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Connecticut reaches settlement with drug maker Purdue Pharma

Sackler Purdue Pharma Opioids
Jessica Hill
Associated Press

Connecticut Attorney General William Tong said Purdue Pharma and members of the Sackler family who own the company that distributes the drug OxyContin will pay $6 billion to victims and survivors as part of their role in the opioid epidemic.

The state was one of eight, along with Washington, D.C., that signed the settlement.

“This agreement authorizes Connecticut to create a Connecticut Opioid survivors trust,” said Tong. “It’s also a way to get money to support and serve victims, survivors and their families.”

Connecticut first filed a lawsuit against Purdue and members of the Sackler family in 2018.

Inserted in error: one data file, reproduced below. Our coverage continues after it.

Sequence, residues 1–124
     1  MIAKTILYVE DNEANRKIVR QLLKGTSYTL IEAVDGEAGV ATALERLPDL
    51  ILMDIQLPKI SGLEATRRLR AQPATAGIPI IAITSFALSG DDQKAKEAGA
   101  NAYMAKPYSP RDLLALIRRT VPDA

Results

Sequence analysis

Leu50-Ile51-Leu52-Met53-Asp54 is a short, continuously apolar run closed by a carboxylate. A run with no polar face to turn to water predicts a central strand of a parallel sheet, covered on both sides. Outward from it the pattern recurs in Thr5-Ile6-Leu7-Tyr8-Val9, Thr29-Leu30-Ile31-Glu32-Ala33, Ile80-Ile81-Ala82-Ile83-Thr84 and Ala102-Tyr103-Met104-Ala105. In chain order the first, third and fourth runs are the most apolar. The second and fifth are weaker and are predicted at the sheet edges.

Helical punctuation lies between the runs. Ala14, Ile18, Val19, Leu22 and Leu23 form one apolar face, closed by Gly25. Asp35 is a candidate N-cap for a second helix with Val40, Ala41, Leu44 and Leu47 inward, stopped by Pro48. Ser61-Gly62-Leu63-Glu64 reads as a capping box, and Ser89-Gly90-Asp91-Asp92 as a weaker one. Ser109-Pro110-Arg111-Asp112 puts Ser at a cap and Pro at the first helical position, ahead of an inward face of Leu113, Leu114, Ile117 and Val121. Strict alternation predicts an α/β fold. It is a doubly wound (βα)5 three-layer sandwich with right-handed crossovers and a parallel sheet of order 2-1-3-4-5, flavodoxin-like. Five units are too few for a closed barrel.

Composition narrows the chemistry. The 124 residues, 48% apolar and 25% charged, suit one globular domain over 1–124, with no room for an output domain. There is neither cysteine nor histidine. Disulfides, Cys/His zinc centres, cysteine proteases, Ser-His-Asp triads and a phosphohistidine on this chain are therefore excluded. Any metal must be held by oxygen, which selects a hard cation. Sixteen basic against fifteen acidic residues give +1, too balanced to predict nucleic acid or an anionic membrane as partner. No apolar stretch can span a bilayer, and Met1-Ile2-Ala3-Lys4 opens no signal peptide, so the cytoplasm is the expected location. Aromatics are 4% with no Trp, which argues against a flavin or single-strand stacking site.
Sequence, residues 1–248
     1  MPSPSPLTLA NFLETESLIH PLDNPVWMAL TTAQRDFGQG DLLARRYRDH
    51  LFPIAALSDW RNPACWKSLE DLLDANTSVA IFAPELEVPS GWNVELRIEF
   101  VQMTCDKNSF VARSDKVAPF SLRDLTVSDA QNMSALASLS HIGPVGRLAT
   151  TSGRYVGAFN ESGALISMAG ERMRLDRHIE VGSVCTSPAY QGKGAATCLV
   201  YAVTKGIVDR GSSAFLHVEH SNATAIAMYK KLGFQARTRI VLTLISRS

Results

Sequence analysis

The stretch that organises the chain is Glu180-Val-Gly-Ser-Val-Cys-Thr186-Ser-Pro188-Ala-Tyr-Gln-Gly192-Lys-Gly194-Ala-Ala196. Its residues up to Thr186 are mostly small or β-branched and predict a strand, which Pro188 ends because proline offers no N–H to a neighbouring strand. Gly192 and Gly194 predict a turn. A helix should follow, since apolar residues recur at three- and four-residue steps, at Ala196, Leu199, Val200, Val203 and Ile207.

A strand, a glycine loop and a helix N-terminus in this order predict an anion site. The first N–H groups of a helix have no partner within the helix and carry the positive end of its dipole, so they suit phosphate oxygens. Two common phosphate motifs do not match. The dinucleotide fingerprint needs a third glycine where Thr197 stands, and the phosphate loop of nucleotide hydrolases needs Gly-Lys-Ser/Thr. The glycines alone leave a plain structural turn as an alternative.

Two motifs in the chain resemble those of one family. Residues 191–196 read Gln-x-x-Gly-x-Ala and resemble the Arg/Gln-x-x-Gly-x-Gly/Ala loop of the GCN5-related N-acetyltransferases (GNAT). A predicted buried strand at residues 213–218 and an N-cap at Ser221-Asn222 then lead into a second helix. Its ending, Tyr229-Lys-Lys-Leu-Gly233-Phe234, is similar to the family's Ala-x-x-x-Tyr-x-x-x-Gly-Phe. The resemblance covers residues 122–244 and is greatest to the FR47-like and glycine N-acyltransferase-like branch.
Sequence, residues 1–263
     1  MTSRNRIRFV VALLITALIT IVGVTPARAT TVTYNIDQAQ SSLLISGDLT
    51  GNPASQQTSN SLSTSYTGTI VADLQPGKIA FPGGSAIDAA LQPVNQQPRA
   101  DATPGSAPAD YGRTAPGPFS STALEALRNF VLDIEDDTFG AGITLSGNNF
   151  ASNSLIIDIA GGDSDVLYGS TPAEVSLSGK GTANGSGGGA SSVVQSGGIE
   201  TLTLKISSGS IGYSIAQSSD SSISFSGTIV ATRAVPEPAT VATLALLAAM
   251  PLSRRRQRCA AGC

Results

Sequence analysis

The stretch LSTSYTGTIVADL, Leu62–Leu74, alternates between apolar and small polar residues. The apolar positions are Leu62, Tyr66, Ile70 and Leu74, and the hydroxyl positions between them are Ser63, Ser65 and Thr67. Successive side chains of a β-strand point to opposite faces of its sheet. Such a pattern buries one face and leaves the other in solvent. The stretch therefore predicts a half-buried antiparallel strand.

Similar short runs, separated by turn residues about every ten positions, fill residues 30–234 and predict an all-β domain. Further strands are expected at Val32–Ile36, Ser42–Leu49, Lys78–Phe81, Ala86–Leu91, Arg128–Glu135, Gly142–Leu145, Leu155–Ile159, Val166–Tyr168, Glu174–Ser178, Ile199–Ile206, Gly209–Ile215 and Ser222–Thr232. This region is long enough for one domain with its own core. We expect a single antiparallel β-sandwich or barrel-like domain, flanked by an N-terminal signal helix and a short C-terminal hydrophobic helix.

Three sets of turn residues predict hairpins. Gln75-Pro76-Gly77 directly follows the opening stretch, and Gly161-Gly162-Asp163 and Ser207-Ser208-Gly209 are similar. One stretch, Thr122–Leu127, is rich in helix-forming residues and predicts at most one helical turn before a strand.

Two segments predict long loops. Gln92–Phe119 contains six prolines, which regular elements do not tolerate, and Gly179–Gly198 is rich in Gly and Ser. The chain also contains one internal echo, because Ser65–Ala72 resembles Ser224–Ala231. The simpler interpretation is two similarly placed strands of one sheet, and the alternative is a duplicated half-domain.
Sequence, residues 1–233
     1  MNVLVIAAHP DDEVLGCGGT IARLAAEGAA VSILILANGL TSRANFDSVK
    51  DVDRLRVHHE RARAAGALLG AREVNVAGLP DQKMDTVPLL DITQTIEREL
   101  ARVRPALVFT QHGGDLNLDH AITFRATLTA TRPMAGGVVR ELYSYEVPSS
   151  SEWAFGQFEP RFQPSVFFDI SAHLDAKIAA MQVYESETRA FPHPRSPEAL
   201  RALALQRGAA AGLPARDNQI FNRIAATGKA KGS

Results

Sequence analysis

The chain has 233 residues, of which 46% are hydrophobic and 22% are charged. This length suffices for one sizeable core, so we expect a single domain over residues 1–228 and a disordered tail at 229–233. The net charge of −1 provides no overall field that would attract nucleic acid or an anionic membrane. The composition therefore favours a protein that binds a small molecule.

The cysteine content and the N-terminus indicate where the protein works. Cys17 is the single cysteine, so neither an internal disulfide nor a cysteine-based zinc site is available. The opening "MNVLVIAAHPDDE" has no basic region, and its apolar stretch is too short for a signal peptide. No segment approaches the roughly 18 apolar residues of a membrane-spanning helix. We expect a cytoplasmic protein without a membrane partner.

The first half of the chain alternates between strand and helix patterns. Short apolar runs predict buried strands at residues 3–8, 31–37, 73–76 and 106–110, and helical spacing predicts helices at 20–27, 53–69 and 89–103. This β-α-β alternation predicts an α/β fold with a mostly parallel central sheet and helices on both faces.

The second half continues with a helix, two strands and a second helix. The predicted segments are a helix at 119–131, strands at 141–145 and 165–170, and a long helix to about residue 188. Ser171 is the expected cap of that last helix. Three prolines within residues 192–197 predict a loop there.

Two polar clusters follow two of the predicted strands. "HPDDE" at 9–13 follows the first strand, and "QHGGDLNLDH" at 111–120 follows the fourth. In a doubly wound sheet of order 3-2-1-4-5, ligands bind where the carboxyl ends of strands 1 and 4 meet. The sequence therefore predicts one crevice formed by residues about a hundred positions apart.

Liz Fitzgerald, a Southington resident, spoke on how the drug tragically claimed the lives of her two sons years ago.

“My three children have lost two brothers,” Fitzgerald said. “I think that a lot more needs to be done to support families because of that traumatic PTSD. They just destroyed our lives.”

Connecticut will receive nearly $95 million from the settlement and spread over an 18-year period and will commence once Purdue, which is to be renamed Knoa Pharma, emerges from bankruptcy.

It’s subject to approval by the bankruptcy court.

Mike Lyle is a former reporter and host at WSHU.